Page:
PowerPC Instruction Set Quick Reference Card

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During the course of my Master’s research project, I’ve had to write and analyze quite a lot of low-level assembly code for the 32-bit PowerPC architecture. I found myself constantly reaching for the PowerPC Programming Environments Manual or Bill Karsh’s PowerPC assembly tutorial to remember the semantics or operands of such-and-such, especially at the beginning.

Since I haven’t found a reference card that is easy to print and easy to use, I wrote my own. I’ve been using it myself, but I am publishing it here in the hope that it might be helpful to someone else.

The reference card contains everything you need for general-purpose user-level code on 32-bit PowerPCs. It can be printed on two double-sided Letter or A4 pages. I printed my version on card stock.


  • Registers description
  • Label suffixes
  • Load and store instructions
  • ALU instructions
    • Addition, subtraction, negation
    • Bitwise logical operations and shifts
    • Multiplication
    • Division
    • Rotate and Mask, with examples and details (rlwimi, rlwinm, rlwm)
  • Comparison instructions
  • Condition register manipulation instructions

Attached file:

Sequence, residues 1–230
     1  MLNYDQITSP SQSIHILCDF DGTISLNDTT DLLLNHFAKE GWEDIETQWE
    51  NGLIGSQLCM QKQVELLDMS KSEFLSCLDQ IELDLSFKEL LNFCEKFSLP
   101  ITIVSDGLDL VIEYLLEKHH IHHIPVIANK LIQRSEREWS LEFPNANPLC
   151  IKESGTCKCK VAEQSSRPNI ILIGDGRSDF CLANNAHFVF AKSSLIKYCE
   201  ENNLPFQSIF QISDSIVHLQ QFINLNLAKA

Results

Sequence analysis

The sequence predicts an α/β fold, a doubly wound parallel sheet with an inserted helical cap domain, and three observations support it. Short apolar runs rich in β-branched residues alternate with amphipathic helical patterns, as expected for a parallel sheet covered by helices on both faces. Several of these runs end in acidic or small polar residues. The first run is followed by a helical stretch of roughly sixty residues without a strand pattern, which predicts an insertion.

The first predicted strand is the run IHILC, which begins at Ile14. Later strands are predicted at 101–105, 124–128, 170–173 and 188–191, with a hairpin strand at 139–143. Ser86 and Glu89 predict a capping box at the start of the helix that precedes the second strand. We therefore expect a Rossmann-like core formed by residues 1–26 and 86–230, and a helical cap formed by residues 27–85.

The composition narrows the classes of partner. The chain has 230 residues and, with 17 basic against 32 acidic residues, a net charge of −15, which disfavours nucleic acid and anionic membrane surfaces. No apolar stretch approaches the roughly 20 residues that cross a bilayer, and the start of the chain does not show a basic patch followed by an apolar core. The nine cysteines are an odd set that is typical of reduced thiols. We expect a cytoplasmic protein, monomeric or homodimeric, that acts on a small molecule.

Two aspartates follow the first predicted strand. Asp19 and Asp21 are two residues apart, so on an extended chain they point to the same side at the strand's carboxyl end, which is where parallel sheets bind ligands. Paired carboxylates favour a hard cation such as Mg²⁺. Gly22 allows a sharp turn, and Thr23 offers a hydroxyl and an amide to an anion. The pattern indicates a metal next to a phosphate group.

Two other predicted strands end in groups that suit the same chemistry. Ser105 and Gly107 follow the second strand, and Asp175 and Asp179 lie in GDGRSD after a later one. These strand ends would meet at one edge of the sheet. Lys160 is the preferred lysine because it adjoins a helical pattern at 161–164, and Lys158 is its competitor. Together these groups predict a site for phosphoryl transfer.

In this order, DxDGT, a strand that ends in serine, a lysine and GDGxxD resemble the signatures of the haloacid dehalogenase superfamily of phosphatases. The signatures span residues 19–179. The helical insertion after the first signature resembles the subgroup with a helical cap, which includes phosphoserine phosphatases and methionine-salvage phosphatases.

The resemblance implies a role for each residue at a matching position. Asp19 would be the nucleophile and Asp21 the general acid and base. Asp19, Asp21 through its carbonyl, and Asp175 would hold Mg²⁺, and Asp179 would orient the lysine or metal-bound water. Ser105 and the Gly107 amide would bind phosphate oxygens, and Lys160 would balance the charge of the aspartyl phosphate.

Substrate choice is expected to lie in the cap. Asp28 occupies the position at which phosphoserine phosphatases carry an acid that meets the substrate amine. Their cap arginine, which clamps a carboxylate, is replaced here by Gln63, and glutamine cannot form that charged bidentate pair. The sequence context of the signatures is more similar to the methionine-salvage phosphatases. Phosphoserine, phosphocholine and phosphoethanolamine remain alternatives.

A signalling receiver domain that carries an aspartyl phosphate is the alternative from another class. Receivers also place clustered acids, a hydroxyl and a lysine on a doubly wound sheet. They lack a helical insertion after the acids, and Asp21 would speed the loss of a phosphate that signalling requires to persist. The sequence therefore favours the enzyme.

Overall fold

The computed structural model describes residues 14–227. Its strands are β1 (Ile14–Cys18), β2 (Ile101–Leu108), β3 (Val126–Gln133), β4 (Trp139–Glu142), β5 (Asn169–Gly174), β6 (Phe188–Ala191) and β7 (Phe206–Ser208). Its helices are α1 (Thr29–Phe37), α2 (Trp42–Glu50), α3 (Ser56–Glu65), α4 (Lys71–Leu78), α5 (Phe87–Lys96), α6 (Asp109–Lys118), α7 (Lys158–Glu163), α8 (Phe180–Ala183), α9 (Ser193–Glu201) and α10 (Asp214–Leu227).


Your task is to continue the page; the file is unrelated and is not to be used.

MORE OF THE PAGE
• Branch instructions (including simplified mnemonics)
  • SPR operations
  • Trap and System Call instructions
  • Condensed alphabetical instructions list

Voluntary omissions

In the interest of keeping it handy and to concentrate on the essential, I voluntarily omitted the following categories of instructions:

  • Floating-point
  • String loads and stores
  • Altivec
  • Book-E Extensions
  • Cache and TLB
  • Supervisor-level operations

These instructions are very seldom used, so I don’t think it’s a problem that they are absent. When I use them, I usually need to refer to the complete instruction set manual anyway, because of their complex semantics.


The current version of this page can always be found at the following address: http://www.tentech.ca/ppc-assembly-card. Even though I have thoroughly reviewed the information contained in the card, I may include corrections if they are found. If you find inaccurate information on the reference card, please contact me.


I learned PowerPC assembly initially from Bill Karsh’s series on the PowerPC in MacTech magazine (see Links section). Although these two articles are extremely old, covering the PowerPC 601 and 603, they are still available and I found them much more informative than anything else I have consulted on the subject. They are aimed at people with an existing knowledge of other assembly languages, but are very approachable. The instructions grouping on the card is strongly influenced by the grouping shown in his articles.


The following links are a hand-picked set of resources that I have found useful in my work with PowerPC assembly. Most of these are actually complementary to one another, rather than being repetitions of the same information.

This page was created by Tennessee Carmel-Veilleux on October 24th, 2010.

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